Matthew McCombie (Trinity/Laban) disappointed with a ploddy Bagatelle, but there was more to enjoy in an energised op 111 first movement. The pacing and punctuation weren’t quite right though: again, I thought, listen to Monk and Schnabel! (To be sure, Thelonious never recorded op 111 but he did have the most wonderful way with pauses.) McCombie’s Arietta was overladen with “points”, becoming somewhat sentimentalised. From the Guildhall School of Music and Drama, Veneta Neynska missed the character of the Bagatelle, though her playing certainly had intensity. Her E flat Sonata op 31 no 3, one of Beethoven’s great comedies-of-manners, was considerably more enjoyable, lively and energetic, with the middle movements particularly well characterised (although the Trio section of the third movement was over-characterised – surely Beethoven shouldn’t sound “cute”).
Ayako Kanazawa, from the Royal Scottish Academy of Music and Drama, showed an engaging personality in the Bagatelle, warm and impulsive (maybe veering towards frisky). The A flat Sonata op 110 suited her warm, caring playing, even if it came across as slightly romanticised, with a tendency to split hands and with over-generous if never unmusical pedalling. She conveyed the sheer oddness of the second movement well, and displayed good part-playing in the fugue.
As Andrejs Osokins (Royal Academy of Music) began his Bagatelle I noted down simply: “Well, this is the real thing”. Nothing he did subsequently gave me reason to revise this all-important first impression. In the Bagatelle, he somehow made sense of the pedalling in a way that none of the others had quite managed, and his playing had an extraordinary concentration and distilled poetry. In the day’s last op 111 he convinced me that he had, as it were, the right to play this Everest of sonatas, with a maturity of phrasing and a grasp of the longer structure (including the all-important pauses!) that were deeply satisfying. Occasionally in the first movement he could have risked rougher, more elemental playing, and his coda, that magical wind-down, was rather literal – but this will surely come. He also had the measure of the Arietta, with a tempo that flowed just enough to convey the august momentum of Beethoven’s varied yet implacable three-in-a-bar. The extraordinary variation where Beethoven seems to invent boogie-woogie was a little too forceful for its “cosmic dance”to take fire; but more or less everything in Osokins’ performance was meaningful and well-heard, and he was the deserving winner of the first prize. Second prize went to Gintaute Gataveckaite and third prize to Veneta Neynska, with an honourable mention for Nikos Stavlos. The Jury also expressed their appreciation of Ayako Kanazawa and Tatiana Dardykina.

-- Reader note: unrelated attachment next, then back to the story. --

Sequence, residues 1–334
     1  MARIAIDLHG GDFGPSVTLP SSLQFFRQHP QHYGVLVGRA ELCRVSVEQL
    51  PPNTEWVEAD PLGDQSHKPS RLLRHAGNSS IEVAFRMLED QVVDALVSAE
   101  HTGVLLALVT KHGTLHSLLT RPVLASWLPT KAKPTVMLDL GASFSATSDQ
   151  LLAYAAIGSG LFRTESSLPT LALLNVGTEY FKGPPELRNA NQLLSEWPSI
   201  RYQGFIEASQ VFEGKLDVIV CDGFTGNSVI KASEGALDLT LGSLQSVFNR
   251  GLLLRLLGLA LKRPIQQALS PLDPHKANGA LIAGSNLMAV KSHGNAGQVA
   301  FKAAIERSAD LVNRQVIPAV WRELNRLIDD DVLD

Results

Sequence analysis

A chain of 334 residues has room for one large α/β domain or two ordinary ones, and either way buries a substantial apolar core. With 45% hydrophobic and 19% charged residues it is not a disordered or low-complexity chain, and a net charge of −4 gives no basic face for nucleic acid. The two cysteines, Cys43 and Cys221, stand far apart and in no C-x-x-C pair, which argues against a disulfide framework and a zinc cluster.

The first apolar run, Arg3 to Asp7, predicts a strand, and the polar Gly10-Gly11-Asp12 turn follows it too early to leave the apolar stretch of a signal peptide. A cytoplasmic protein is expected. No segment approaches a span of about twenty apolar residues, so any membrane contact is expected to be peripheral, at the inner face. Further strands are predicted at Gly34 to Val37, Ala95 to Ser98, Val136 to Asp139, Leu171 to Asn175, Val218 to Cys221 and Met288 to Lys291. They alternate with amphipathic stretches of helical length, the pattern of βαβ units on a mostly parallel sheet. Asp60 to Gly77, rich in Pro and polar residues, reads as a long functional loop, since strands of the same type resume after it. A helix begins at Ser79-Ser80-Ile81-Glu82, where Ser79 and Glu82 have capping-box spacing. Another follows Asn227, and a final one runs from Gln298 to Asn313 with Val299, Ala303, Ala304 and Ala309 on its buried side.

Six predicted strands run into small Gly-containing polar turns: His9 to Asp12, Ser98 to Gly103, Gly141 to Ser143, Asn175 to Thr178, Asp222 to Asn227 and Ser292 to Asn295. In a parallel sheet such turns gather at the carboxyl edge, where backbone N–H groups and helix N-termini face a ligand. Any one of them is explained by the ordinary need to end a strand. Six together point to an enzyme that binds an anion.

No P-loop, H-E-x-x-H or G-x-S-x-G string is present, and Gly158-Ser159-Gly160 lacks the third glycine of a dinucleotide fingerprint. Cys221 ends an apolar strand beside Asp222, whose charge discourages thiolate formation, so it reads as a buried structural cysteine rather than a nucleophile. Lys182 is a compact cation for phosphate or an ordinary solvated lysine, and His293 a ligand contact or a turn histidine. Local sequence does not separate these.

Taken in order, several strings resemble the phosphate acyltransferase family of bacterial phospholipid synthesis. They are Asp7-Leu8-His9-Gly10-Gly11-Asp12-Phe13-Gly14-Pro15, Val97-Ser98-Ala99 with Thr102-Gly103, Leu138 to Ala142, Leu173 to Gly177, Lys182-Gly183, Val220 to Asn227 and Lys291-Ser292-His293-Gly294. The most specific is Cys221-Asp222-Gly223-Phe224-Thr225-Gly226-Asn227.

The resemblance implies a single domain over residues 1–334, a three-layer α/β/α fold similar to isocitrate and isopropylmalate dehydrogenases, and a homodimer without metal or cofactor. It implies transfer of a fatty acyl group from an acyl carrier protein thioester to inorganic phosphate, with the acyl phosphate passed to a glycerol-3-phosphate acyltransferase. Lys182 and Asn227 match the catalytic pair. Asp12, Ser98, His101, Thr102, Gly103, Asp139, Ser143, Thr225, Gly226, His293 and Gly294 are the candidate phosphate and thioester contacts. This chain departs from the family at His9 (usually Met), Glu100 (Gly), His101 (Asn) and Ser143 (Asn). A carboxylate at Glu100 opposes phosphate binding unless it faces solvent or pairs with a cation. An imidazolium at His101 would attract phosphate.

The Competition was held as in previous years at the Bluthner Piano Centre in London, generously hosted by Mr Roger Willson. The Lady Master of the Worshipful Company of Musicians (the first such in the Company’s 500-year history), Petronella Dittmer – herself a professional musician – presented the Company’s Beethoven Medal to Andrejs Osokins, with some inspiring words for all the contestants. Osokins also received the Eugenie Maxwell Award of £500, although Mrs Maxwell, in her role of Vice-President of the Beethoven Society, was unable to be present. William Brown CBE and Mrs Nachiko Brown, Patrons of the Society, were on hand to present their prizes and say a few words of congratulation. The distinguished Jury comprised of Dr Marios Papadopoulos, Mr Stephen Savage and Prof Malcolm Troup; Dr Papadopoulos, as Chairman of the Jury, announced the results and drew favourable attention to the admirably high standard of the playing throughout.
Written by Julian Jacobson 2008